In the second embodiment, one of the springs 236, indicated by 236(a) in FIG. 40, is placed in its entirety on the other spring indicated by 236(b) in FIG. 40. However, as shown in FIG. 41, one side portion 236b, indicated by 236b(a), of one of the springs 236, indicated by 236(a) in FIG. 41, may be placed over a side portion 236b, indicated by 236b(b), of the other spring 236, indicated by 236(b) in FIG. 41, and the other side portion 236b, indicated by 236b(c), of the one of the springs 236(a) may be placed beneath a side portion 236b, indicated by 236b(d), of the other spring 236(b). Stated otherwise, the opposite side portions 236b of the springs 236 may be positioned in vertically staggered relationship to each other.

With the arrangement shown in FIG. 41, the springs 236 do not exert forces tending to tilt the rod shaft 222. More specifically, when the two springs 236(a), 236(b) are placed one on the other as shown in FIG. 40, since the springs 236(a), 236(b) apply forces to the rod shaft 222 at different vertical positions as shown in FIG. 44(b), they produce a moment to tilt the rod shaft 222. When the two springs 236(a), 236(b) are positioned as shown in FIG. 41, however, since the springs 236(a), 236(b) apply forces to the rod shaft 222 at substantially the same vertical position as shown in FIG. 44(a), they do not produce a moment to tilt the rod shaft 222.

As shown in FIG. 24, the arm 233 is inclined obliquely upwardly away from the automobile body, and has a horizontal end portion 239 positioned behind a mirror holder 207. As shown in FIGS. 42 and 43, the horizontal end portion 239 has a channel-shaped cross section composed of an upper panel 239a and a pair of spaced side walls 239b extending downwardly from opposite edges of the upper panel 239a. The upper panel 239a has an outer portion extending upwardly into a stopper 239c. The arm 233 has a vertical engaging opening 239d positioned outwardly of the stopper 239c.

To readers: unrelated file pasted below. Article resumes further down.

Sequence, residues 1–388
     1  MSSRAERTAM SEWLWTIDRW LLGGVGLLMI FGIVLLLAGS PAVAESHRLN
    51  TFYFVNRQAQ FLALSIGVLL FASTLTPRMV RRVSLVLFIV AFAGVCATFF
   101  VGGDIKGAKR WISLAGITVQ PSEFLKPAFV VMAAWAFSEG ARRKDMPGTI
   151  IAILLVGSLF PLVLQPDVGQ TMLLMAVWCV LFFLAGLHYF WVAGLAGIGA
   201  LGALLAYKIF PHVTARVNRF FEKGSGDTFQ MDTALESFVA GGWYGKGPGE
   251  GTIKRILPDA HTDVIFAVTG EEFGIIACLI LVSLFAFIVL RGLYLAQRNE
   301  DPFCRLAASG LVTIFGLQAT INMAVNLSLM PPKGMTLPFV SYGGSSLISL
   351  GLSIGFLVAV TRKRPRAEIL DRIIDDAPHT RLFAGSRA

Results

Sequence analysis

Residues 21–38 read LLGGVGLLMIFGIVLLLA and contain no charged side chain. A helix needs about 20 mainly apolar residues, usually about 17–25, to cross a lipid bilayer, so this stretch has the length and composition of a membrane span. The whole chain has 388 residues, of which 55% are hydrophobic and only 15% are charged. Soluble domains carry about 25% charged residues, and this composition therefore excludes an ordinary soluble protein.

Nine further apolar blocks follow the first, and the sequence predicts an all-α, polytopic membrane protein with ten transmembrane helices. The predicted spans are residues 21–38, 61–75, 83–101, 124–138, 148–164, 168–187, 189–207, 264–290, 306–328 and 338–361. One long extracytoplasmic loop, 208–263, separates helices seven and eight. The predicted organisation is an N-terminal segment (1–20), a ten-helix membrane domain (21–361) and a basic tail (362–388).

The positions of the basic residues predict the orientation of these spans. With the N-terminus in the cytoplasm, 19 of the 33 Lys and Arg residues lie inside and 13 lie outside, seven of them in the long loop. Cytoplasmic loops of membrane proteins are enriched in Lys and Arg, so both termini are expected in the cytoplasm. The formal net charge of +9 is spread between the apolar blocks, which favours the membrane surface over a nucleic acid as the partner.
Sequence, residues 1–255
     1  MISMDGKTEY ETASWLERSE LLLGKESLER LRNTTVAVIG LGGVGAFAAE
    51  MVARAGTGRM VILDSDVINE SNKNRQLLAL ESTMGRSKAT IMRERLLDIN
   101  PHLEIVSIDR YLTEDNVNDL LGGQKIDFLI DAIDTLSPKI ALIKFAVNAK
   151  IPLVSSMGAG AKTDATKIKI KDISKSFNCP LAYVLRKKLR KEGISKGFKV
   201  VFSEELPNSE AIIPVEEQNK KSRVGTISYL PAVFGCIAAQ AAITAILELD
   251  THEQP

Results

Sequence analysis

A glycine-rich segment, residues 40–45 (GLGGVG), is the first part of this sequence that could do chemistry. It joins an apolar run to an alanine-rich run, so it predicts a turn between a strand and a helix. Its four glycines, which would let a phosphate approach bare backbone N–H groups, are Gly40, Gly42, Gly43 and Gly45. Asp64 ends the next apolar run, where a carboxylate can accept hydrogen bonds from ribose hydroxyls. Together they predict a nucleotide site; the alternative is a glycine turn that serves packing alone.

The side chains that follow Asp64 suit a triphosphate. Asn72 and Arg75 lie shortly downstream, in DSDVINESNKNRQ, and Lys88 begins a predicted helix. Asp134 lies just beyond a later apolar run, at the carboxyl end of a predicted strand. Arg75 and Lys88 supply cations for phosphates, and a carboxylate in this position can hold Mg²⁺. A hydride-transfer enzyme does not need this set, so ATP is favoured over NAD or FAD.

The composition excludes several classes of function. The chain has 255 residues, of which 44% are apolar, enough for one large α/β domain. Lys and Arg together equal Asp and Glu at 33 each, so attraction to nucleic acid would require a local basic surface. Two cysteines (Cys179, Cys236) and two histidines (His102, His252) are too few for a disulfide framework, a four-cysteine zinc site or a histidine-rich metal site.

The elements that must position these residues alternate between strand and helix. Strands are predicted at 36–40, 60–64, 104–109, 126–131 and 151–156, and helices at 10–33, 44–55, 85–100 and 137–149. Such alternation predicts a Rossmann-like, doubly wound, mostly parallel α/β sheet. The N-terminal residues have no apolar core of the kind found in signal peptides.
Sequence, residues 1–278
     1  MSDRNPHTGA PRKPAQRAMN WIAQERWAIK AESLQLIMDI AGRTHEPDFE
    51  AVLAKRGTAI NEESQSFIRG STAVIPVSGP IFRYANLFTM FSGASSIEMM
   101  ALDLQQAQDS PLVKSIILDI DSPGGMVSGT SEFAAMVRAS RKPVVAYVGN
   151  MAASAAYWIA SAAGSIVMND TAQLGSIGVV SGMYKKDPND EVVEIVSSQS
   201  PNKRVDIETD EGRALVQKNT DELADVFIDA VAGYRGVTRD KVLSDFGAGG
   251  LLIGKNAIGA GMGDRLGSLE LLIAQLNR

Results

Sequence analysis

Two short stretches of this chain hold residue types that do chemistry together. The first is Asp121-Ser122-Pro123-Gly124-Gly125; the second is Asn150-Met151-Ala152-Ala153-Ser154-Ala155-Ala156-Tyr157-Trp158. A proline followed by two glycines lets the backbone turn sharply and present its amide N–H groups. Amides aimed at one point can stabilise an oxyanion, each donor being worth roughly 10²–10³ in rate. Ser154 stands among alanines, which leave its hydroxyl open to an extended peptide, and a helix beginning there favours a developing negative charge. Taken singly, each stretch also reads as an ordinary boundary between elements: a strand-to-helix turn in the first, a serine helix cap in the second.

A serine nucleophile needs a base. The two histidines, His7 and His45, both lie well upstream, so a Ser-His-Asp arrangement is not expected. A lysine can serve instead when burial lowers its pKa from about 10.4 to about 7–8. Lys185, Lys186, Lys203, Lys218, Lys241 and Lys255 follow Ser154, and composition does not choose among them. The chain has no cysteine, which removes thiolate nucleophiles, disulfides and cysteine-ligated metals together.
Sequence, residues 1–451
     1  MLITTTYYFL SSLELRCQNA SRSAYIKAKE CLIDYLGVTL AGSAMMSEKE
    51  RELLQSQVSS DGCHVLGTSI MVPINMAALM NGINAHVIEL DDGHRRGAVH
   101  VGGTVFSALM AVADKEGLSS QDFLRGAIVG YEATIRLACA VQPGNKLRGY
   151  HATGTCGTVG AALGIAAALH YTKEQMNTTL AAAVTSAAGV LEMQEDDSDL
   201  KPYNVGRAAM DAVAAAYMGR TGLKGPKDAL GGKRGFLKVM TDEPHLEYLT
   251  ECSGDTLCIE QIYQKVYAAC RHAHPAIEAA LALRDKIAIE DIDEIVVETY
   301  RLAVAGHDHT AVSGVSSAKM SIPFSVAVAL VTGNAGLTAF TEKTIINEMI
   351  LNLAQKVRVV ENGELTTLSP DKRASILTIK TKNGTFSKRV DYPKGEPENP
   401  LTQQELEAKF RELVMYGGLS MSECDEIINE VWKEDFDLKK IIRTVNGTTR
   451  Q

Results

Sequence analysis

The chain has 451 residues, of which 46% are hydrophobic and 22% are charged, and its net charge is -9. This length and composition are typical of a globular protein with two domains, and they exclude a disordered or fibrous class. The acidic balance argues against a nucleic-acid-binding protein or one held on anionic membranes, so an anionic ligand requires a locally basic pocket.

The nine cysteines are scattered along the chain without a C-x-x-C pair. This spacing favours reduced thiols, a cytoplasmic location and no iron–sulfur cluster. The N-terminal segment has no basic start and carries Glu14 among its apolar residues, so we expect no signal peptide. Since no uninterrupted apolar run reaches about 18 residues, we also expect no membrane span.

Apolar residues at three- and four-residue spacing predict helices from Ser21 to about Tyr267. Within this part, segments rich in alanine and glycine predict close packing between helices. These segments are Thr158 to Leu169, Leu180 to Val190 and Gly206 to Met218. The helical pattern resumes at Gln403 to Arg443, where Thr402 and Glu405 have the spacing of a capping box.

A support member 240 of a slightly soft material such as synthetic resin is fitted in the engaging opening 239d. As shown in FIGS. 42 and 43, the support member 240 comprises a base portion 240a fixed to the arm 233 by a screw B3, and a support portion 240b integral with the upper surface of an outer end of the base portion 240a. The support portion 240b has a vertically through hole 240c of circular cross section, and a vertical slit 240d defined in an outer end thereof.

As illustrated in FIG. 42, the base portion 240a has a width greater than the distance between the outer surfaces of the side walls 239b of the arm 233 such that an end of the base portion 240a projects from an end of one of the side walls 239b by a distance L6. When the arm 233 swings toward the bracket 203, the arm 233 does not hit the bracket 203, but the support member 240 engages the bracket 203 because the end of the base portion 240a projects from the side wall 239b by the distance L6. Since the support member 240 is made of synthetic resin, no large noise is produced when the support member 240 hits the bracket 203.